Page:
When faced with the issue of homelessness in previous years, the United States has typically chosen to pursue a long and involved course of action to mitigate the growing epidemic, marked by chronic fiscal investment, the formation of strategic coalitions, and diverted attention to housing markets. However, homelessness is not relegated to the U.S. and has consistently been of international concern; and while its primary indicator of rough sleeping individuals perseveres as a global misfortune, the core differences behind the economies, culture, and societies of specific countries ultimately contributes to how the problem manifests differently in various ways around the world.
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In terms of root causes, the U.S. exhibits severe social discrepancies that contribute to the inability for people to attain housing; lack of sustainable healthcare, along with wage stratification, institutionalized racism, domestic violence, and the opioid crisis all present challenges to citizens seeking permanent housing. Despite the sundry of factors, the rate of homelessness has decreased roughly 9% since 2007, when the issue peaked at more than 610,000 individuals experiencing homelessness on a nationwide scale. The U.S. has addressed this issue by emphasizing the development of permanent housing as the most sustainable solution, marked by the gradual decline since the late 2000s. Perhaps more than others, U.S. methods of establishing individual solutions to each of the core factors (i.e. drug rehabilitation centers for opioid addicts, residential housing programs for people with low income, etc.) tailor to the specific reasons perpetuating homelessness.
Latin America differs from the U.S. with the prodigious number of street children facing homelessness in the country (40 million vs. 1.3 million, respectively). It was observed by the United Nations Children’s Fund (UNICEF) in 2017 that while the 42% of U.S. street children face homelessness as a result of negligent parenting, the Latin American street children in countries like Honduras, Mexico, Colombia, and Cuba are predominantly homeless due to poverty. Spurred by the need to earn sufficient income, children venture out or are sent by their parents to pursue employment on the street in order to supplement their household’s basic income. Regarding income inequality, the Gini Coefficient is an index utilized to measure how eagletarian a society is in terms of wages; eight of the lowest Gini numbers belong to Latin American regions, indicating discrepancies in the countries’ wage policies. Latin America overall experiences more poverty and income-based causes for homelessness as opposed to the more eclectic factors the U.S. demonstrates.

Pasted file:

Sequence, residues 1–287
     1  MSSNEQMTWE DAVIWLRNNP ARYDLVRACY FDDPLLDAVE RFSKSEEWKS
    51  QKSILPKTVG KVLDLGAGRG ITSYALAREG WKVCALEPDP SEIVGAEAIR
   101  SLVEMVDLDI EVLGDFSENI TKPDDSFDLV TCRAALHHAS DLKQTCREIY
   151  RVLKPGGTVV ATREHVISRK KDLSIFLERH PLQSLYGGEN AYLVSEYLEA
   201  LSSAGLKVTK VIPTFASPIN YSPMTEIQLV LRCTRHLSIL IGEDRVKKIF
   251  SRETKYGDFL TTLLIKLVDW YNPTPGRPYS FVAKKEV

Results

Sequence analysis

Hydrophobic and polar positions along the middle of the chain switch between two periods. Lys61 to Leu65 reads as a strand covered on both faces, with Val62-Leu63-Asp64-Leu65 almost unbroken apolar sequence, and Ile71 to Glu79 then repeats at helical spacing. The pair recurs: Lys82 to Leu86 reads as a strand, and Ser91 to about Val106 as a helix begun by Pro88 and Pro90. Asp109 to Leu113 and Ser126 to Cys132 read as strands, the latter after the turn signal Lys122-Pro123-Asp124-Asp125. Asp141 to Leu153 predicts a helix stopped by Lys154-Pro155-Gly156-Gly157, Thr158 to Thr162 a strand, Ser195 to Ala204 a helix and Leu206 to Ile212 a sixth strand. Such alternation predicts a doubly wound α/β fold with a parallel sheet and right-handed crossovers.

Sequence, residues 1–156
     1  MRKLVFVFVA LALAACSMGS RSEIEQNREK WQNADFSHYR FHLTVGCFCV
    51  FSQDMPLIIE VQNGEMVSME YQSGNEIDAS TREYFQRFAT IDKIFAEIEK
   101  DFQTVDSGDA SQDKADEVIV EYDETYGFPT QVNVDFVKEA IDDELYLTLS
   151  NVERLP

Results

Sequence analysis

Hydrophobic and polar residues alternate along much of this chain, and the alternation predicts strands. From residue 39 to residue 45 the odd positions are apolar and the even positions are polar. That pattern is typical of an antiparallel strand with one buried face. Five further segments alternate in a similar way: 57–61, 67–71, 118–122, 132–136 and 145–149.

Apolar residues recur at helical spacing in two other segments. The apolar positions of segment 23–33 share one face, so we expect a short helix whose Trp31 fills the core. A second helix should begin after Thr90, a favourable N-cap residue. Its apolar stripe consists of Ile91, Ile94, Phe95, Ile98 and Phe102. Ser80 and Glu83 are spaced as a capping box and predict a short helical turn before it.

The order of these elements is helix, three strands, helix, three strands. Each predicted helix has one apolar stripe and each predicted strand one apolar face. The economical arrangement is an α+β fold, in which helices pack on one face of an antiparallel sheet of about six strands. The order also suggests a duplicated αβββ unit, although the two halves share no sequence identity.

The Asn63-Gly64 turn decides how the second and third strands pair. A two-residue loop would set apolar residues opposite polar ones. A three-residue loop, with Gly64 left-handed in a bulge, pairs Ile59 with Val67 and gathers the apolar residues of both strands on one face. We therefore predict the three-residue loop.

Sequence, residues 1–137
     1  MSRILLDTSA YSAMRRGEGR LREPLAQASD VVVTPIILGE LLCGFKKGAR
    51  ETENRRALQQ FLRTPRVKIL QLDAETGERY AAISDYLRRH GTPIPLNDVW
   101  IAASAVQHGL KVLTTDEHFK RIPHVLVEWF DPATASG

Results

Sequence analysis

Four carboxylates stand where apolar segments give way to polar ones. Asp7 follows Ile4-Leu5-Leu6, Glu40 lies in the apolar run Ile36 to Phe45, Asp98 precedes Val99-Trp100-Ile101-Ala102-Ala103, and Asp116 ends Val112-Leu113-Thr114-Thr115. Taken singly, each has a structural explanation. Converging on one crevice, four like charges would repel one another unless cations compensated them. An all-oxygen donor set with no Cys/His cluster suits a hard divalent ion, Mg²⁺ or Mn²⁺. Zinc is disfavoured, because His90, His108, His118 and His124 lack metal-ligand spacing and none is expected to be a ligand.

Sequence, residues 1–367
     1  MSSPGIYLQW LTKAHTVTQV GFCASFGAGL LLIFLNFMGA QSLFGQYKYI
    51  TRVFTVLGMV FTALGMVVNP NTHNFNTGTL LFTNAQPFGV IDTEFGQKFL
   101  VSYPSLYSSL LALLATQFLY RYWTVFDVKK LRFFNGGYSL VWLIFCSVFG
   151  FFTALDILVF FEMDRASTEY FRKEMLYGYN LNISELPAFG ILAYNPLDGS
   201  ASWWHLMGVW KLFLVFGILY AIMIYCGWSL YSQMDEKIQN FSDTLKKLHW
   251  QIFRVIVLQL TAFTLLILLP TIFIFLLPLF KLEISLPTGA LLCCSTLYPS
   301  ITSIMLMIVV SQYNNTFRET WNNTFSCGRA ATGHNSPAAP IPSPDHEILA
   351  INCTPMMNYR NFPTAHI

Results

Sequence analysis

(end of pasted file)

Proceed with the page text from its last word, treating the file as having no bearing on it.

In Europe, homeless citizens are more commonly referred to as “rough-sleepers;” and despite having fewer individuals in 2018 than the United States, the United Kingdom alone was noted to harbor 7.7% of the population as people who experienced life-long homelessness, in contrast to the U.S. 6.2%. 2017 marked the point where housing was a severe issue in all European countries except Finland and was consequently addressed by the United Nations in foreign legislature. Similarly to the U.S., drug addiction represents a significant portion of the circumstances behind rough sleepers in addition to what Europe labels “individual circumstances.” Rather than one overarching factor, their numerous cases of homelessness can more often be attributed to each person’s individual lifestyle and background. Housing, however, remains the most unequivocally detrimental factor that perpetuates Europe’s homeless population as costs rise above affordability.
The continent of Africa also fluctuates with considerable trouble on the housing crisis, having more than 13% of the population lacking formal dwellings; but the unseen effects on this portion of the population are some of the most macbre and often entail sexaul assault, police mistreatment, and exploitation. Due to the higher volume of undeveloped regions in Africa, international law enforcement bodies such as UN Peacekeeping are consistently deployed to intervene and “protect” citizens who are experiencing homelessness as a result of civil conflict. However, the system has been noted on several occasions to be severely flawed and only leads to an increase in sexual assault on the homeless women and children of African nations; despite the program’s good intentions, the larger amount of foreign intervention in Africa inexorably leads to the continued assault on homeless people who have little resources.
The fact most people don’t realize about homelessness is the same one that differentiates regions in terms of it – the issue is not always a result of poor housing markets, but instead manifests in various eclectic forms because of the different cultures, societies, and economies of regions. Each of these aspects contains individual problems and requires specifically tailored solutions to ultimately decrease homelessness over time.
Colleen is an avid journalist and sophomore at Langley High School in McLean, Virginia. Apart from playing viola and competing in Model United Nations, Colleen additionally pursues ways to intertwine her journalistic passions with mental health advocacy for more integrated awareness. Outside of school, she serves as a Mentor for Global Classrooms DC and advocates for the International OCD Foundation.